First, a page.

We also got views from the other side of the New Bridge, from the Mirador de Aldehuela. This time, however, we got views of the white houses situated on and along the cliffs, which for some reason reminded me of the blue-domed, white-washed houses in Santorini, Greece (which I’d visited over ten years ago). Although these houses in Ronda didn’t have blue domes, their architecture and location make for excellent vistas of the canyons and mountains, as said of the city being surrounded by this particular type of terrain in the south of Spain.
Our tour guide gave us a couple of hours of free time to explore Ronda on our own. Besides checking out the vantage points and the New Bridge, my family and I wandered through the quiet, narrow streets away from the town center, stumbling upon a couple of small churches and popping into this really cute alleyway with colorful potted flowers. Really, it’s the little things you *unintentionally* come across during your travels that make the experience even more special!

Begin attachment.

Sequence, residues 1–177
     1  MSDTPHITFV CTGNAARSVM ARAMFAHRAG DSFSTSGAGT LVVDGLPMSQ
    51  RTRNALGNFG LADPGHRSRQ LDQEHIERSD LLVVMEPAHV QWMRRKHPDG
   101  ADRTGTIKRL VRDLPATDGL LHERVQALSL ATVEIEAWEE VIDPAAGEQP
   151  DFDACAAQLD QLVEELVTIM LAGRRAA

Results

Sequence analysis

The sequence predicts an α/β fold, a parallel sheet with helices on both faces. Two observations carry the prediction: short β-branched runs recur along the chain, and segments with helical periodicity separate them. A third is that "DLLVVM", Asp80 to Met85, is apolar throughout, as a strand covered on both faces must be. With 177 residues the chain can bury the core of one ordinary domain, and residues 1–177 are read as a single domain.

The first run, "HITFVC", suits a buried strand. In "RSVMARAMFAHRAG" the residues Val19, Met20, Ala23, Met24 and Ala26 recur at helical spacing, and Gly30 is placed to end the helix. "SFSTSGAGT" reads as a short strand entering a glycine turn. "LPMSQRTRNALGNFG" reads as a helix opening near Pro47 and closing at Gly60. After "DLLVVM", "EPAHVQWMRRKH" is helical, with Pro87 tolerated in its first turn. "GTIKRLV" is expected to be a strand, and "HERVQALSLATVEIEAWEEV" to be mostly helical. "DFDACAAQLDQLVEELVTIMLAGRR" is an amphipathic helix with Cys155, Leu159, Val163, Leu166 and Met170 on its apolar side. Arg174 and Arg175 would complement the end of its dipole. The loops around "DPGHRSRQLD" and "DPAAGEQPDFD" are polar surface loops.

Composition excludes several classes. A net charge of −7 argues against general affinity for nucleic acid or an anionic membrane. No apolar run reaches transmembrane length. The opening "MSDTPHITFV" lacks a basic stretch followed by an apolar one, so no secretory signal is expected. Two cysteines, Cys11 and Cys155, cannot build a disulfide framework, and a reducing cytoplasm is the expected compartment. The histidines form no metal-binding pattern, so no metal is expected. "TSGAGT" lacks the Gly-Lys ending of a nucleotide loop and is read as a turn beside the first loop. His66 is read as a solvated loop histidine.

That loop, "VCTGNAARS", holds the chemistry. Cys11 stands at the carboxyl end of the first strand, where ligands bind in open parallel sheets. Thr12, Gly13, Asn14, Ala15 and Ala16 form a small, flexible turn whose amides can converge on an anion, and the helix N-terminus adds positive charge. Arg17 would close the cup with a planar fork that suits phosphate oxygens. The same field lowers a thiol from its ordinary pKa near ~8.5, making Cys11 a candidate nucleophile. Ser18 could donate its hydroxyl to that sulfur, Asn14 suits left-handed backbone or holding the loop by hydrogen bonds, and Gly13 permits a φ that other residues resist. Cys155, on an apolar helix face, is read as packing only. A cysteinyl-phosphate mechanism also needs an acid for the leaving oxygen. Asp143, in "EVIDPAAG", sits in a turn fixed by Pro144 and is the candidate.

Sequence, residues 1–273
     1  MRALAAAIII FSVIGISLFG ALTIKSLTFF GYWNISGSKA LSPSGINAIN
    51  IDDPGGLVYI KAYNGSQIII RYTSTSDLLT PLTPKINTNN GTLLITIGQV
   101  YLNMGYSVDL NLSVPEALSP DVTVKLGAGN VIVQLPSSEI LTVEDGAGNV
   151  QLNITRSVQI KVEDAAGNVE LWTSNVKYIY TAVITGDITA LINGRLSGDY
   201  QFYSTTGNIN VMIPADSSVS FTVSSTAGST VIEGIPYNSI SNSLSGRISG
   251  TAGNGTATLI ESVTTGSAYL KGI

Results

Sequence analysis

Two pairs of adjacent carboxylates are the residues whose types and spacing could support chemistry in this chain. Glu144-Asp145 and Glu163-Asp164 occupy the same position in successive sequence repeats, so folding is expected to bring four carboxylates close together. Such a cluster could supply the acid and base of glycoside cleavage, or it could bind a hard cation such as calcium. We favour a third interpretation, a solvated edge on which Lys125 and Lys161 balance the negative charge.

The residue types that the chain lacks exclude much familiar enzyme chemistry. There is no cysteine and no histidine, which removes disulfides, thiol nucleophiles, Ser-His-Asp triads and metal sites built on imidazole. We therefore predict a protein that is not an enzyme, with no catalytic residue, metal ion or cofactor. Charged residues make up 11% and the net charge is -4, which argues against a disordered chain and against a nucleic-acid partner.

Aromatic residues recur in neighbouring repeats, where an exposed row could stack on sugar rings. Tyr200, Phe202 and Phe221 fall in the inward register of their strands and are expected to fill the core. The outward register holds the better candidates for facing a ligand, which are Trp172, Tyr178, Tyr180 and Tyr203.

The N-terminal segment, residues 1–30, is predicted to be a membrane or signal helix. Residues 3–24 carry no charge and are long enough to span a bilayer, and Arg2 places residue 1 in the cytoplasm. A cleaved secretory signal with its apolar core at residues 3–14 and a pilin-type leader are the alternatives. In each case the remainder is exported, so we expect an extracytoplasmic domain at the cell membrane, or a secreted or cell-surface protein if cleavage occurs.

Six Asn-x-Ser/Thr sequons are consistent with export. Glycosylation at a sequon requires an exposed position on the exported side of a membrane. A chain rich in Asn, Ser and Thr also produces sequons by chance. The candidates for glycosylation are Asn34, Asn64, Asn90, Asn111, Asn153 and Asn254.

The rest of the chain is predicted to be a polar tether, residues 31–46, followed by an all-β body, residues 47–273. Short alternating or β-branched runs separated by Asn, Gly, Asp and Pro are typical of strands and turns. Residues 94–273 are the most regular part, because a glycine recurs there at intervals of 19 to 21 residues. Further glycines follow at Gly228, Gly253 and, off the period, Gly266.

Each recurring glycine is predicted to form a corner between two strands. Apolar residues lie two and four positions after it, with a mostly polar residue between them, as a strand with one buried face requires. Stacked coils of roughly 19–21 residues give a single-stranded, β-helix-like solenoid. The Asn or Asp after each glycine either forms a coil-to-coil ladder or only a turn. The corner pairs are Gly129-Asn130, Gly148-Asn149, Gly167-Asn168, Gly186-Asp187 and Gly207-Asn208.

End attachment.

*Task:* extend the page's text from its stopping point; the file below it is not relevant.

Eventually, we somehow wandered all the way to the outskirts of the fortified city walls before deciding to turn back and return to the center. It was a bit of an up-and-down kind of walk, since the town is rather hilly, in that respect. We passed by what’s known as the oldest bullring in Spain (with a bull statue in front of it to boot), but didn’t actually go inside of it. Instead, we wandered along the main pedestrian street, which by noontime was filled with tourists shopping and hanging out inside of the cafes on the road; my family and I chose to pop into a small cafe for a quick break of churros con chocolate ourselves.